Grow your own tomatoes
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Patience is a virtue
When it comes to planting tomatoes, you want a minimum, average daily temperature of 60°F.
In Epic Tomatoes, author Craig LeHoullier suggests using some sort of physical protection if you have a short growing season or if there is a chance for frost. Contact your local Cooperative Extension to determine average frost dates and weather conditions in your area.
Take away: jumping the gun on planting your tomatoes may stunt their development if conditions are not yet ideal. Waiting another few weeks could make all the difference.Date Published: February 10, 2015Date Updated: March 25, 2016
To ensure your tomatoes have the proper growing conditions to thrive, you should also test your soil for drainage and nutrient content.
If you have poor drainage add compost or leaf mulch to help with water retention. Checking your soil’s pH and making sure it has adequate nitrogen, phosphorus and potassium is important. Knowing what type of soil you’re working with is crucial to altering the pH level and adding fertilizer.
Clay: The soil drains poorly, is sticky when wet and hard when dry
Sand: Sandy soil is lighter in color and has a gritty feel. While it drains well, nutrients can also wash away more easily.
Silt: Silt is categorized between clay and sand. It resembles flour when dry and is slipper when wet.
Loam: Loam soil is a mixture of sand, silt and clay with a fine texture.Date Published: February 10, 2015Date Updated: March 25, 2016
According to the University of California Cooperative Extension, the ideal pH is between 6.0 and 6.5. A soil’s alkalinity is the key component for plants to take in the necessary nutrients.
You can contact your local Cooperative Extension Service for a soil test and recommendations to achieve the correct pH levels.
Adding limestone will raise the pH, and adding sulfur will lower the soil’s alkalinity. Certain organic materials such as pine needles or peat moss can lower soil pH over time as well. Use this chart to find suggested amendments based on the original pH, the desired pH and the soil type.Date Published: February 10, 2015Date Updated: March 25, 2016
Fertilizer that’s low in nitrogen (N) and high in potassium (K) and phosphorus (P) is usually best for tomato plants.
If you do not do a soil test, the Oklahoma Cooperative Extension Service generally recommends adding one to two pounds of 10-20-10 for every 100 square feet.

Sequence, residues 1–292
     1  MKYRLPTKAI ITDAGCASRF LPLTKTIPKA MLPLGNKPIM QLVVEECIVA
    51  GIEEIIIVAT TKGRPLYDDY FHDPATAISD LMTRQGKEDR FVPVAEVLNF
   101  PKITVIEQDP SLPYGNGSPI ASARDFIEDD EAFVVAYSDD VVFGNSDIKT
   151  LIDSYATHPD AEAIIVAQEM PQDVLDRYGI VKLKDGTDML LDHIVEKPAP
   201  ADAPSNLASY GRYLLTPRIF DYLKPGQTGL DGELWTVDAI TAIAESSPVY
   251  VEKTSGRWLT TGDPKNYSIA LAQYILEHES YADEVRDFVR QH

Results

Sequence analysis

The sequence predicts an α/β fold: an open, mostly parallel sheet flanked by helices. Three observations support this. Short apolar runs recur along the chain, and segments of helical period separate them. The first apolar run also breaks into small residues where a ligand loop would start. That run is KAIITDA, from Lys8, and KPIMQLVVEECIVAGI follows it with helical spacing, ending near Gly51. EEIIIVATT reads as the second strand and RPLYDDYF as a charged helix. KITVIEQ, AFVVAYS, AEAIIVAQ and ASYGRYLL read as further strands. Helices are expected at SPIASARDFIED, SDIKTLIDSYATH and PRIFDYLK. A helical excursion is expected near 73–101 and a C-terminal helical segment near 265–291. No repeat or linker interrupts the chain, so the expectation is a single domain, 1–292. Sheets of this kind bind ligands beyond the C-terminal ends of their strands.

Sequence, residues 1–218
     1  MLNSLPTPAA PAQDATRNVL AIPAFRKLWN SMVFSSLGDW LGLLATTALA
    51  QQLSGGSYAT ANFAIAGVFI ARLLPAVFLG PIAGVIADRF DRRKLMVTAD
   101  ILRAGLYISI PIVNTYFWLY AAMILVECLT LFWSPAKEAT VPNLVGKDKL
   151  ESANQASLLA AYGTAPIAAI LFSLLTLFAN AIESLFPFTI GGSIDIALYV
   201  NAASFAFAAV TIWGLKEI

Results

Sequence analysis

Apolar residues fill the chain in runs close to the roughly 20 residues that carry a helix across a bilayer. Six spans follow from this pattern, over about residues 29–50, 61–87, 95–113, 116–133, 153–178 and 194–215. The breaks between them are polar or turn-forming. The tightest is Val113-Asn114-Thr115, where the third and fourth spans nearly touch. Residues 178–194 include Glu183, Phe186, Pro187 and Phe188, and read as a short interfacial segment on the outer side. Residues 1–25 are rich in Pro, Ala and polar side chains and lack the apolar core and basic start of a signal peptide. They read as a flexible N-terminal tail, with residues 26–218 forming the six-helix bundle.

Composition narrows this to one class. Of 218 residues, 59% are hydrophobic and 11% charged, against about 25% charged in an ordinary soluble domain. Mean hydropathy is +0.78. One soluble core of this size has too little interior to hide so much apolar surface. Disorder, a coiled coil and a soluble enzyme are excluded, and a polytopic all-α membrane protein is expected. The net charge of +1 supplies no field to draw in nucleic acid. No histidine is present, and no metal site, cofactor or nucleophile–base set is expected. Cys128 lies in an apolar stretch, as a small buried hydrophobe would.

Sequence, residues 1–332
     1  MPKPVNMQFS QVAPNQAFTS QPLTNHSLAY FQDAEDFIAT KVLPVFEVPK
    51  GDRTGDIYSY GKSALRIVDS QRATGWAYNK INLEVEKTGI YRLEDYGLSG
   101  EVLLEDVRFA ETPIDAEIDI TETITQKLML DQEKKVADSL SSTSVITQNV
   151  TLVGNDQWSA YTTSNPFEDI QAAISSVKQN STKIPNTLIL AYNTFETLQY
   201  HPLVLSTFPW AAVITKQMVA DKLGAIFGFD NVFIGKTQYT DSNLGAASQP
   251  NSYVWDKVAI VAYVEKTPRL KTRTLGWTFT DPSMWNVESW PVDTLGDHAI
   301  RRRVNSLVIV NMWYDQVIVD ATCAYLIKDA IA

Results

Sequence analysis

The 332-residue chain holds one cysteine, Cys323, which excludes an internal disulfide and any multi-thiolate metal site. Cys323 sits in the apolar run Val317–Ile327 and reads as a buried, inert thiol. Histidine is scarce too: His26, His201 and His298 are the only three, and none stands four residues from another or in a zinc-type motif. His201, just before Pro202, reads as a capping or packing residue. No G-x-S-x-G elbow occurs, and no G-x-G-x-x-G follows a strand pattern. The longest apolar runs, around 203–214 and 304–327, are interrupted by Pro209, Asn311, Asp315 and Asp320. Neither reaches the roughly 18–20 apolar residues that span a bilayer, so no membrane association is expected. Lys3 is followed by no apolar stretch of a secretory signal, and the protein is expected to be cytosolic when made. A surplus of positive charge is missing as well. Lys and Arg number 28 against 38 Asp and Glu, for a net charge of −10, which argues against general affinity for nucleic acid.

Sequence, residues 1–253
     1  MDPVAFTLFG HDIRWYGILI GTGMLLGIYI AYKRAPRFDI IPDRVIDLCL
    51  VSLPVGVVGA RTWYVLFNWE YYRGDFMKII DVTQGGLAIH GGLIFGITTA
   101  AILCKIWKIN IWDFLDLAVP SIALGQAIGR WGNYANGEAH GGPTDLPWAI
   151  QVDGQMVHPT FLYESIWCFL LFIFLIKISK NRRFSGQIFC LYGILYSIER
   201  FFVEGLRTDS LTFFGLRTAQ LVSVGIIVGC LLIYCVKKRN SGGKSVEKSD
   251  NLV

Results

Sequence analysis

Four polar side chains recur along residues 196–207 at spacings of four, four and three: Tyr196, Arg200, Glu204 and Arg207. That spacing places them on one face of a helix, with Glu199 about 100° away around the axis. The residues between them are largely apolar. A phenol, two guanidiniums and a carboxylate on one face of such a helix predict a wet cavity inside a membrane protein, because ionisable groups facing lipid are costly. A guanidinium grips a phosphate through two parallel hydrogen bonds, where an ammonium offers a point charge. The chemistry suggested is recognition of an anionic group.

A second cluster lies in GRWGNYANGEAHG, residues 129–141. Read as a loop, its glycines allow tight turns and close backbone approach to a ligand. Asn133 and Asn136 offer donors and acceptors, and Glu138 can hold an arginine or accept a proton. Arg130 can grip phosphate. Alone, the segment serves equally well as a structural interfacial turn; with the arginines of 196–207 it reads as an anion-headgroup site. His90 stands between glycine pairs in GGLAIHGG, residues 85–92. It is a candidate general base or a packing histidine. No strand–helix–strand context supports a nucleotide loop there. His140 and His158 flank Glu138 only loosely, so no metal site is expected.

If you do have your soil test results, you can lower or raise the components individually. Greensand or potash can be used to boost potassium. If the soil needs more phosphorus, you can add bonemeal or rock phosphate, and animal manure will provide nitrogen.Date Published: February 10, 2015Date Updated: March 25, 2016
The number of plants you should grow in an area is determined by the type and variety of the plant. Growing vertically allows for more vegetation per square feet. Air circulation is important when caging, and sprawling will take up the most room.
Vertically grown: 3 feet between plants and 4 feet between rows for indeterminate tomatoes
Caged: 2 feet between plants and 3 feet between rows for determinate or dwarf tomatoes
Sprawling: 4 feet between plants and 4 feet between rows for indeterminate plants.Date Published: February 10, 2015Date Updated: March 25, 2016
When it comes to pruning tomato suckers and caring for the plants during the growing season, Burpee.com offers a few tips for gardeners.
Snapping off the side shoots when using stakes is a common practice that results in earlier and larger tomatoes, but a smaller production.
Suckers are usually left on tomatoes grown in cages. It’s still a good idea to pinch the tip when they are 6-8 inches long.
For better air circulation, remove all growth from the bottom 6-10 inches of the plant. This helps reduce the spread of diseases.
Deformed foliage or sickly leaves should be removed as they may have a virus that can be spread to other plants.Date Published: February 10, 2015Date Updated: March 25, 2016
Mulch and water
Mulching can reduce hand weeding and hoeing. Hay, straw, grass clippings, black polyethylene sheeting or newspapers can be used to achieve this.
Tomato plants should get an inch of water a week during May and June, and at least two inches of water every week during July, August and September.Date Published: February 10, 2015Date Updated: March 25, 2016
Harvest is advisable when tomatoes are in the pink stage. In extreme heat, they will begin to turn yellow/orange on the vine. You can ripen tomatoes indoors for the desired color at about 70° F. When you want to stop the tomatoes from ripening, store them in the refrigerator for about one week.
If you prefer to leave it on the vine to fully ripen, you should remove the tomato while it is still firm.Date Published: February 10, 2015Date Updated: March 25, 2016
Canning and recipesDate Published: February 10, 2015Date Updated: March 25, 2016
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